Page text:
If an initial connectivity check fails, pngdowner attempts to extract proxy details and credentials from Windows Protected Storage and from the IE Credentials Store. This allows the adversary to use the proxy credentials for subsequent requests if they enable outbound HTTP access.[25]

S0378 PoshC2

PoshC2 contains modules for searching for passwords in local and remote files.[26]

S0192 Pupy

Pupy can use Lazagne for harvesting credentials.[27]

S0583 Pysa

Pysa has extracted credentials from the password database before encrypting the files.[28]

S0262 QuasarRAT

QuasarRAT can obtain passwords from FTP clients.[29][30]

S0226 Smoke Loader

Smoke Loader searches for files named logins.json to parse for credentials.[31]

G0086 Stolen Pencil

Stolen Pencil has used tools that are capable of obtaining credentials from saved mail.[32]

G0092 TA505

TA505 has used malware to gather credentials from FTP clients and Outlook.[33]

S0266 TrickBot

TrickBot can obtain passwords stored in files from several applications such as Outlook, Filezilla, OpenSSH, OpenVPN and WinSCP.[34][35] Additionally, it searches for the ".vnc.lnk" affix to steal VNC credentials.[36]

S0117 XTunnel

XTunnel is capable of accessing locally stored passwords on victims.[37]

Mitigations

ID Mitigation Description
M1047 Audit

Preemptively search for files containing passwords and take actions to reduce the exposure risk when found.

M1027 Password Policies

Establish an organizational policy that prohibits password storage in files.

M1022 Restrict File and Directory Permissions

Restrict file shares to specific directories with access only to necessary users.

M1017 User Training

Ensure that developers and system administrators are aware of the risk associated with having plaintext passwords in software configuration files that may be left on endpoint systems or servers.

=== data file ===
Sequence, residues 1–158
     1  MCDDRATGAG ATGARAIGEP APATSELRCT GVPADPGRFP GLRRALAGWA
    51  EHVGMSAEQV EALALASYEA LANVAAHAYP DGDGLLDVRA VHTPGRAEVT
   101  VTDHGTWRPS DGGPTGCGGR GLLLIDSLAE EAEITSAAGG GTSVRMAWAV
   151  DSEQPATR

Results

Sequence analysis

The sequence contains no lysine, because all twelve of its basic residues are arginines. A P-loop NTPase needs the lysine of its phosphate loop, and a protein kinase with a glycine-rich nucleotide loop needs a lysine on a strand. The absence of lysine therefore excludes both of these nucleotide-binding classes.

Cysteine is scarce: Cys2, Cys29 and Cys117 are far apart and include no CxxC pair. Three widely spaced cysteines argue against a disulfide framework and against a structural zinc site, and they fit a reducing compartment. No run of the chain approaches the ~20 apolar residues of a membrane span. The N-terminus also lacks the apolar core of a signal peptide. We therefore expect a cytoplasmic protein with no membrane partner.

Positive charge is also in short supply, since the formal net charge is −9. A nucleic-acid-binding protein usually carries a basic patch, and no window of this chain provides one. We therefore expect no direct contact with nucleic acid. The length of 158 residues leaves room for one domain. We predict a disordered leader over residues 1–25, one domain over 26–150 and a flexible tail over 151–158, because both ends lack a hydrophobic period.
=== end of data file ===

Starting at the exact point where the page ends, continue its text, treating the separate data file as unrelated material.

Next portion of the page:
Detection

While detecting adversaries accessing these files may be difficult without knowing they exist in the first place, it may be possible to detect adversary use of credentials they have obtained. Monitor the command-line arguments of executing processes for suspicious words or regular expressions that may indicate searching for a password (for example: password, pwd, login, secure, or credentials). See Valid Accounts for more information.

References

  1. CG. (2014, May 20). Mimikatz Against Virtual Machine Memory Part 1. Retrieved November 12, 2014.
  2. Security Research and Defense. (2014, May 13). MS14-025: An Update for Group Policy Preferences. Retrieved January 28, 2015.
  3. Chen, J. et al. (2021, February 3). Hildegard: New TeamTNT Cryptojacking Malware Targeting Kubernetes. Retrieved April 5, 2021.
  4. Chen, J.. (2020, January 29). Attacker's Tactics and Techniques in Unsecured Docker Daemons Revealed. Retrieved March 31, 2021.
  5. Maddalena, C.. (2018, September 12). Head in the Clouds. Retrieved October 4, 2019.
  6. Walter, J. (2020, August 10). Agent Tesla | Old RAT Uses New Tricks to Stay on Top. Retrieved December 11, 2020.
  7. Symantec Security Response. (2016, September 6). Buckeye cyberespionage group shifts gaze from US to Hong Kong. Retrieved September 26, 2016.
  8. Security Response attack Investigation Team. (2019, March 27). Elfin: Relentless Espionage Group Targets Multiple Organizations in Saudi Arabia and U.S.. Retrieved April 10, 2019.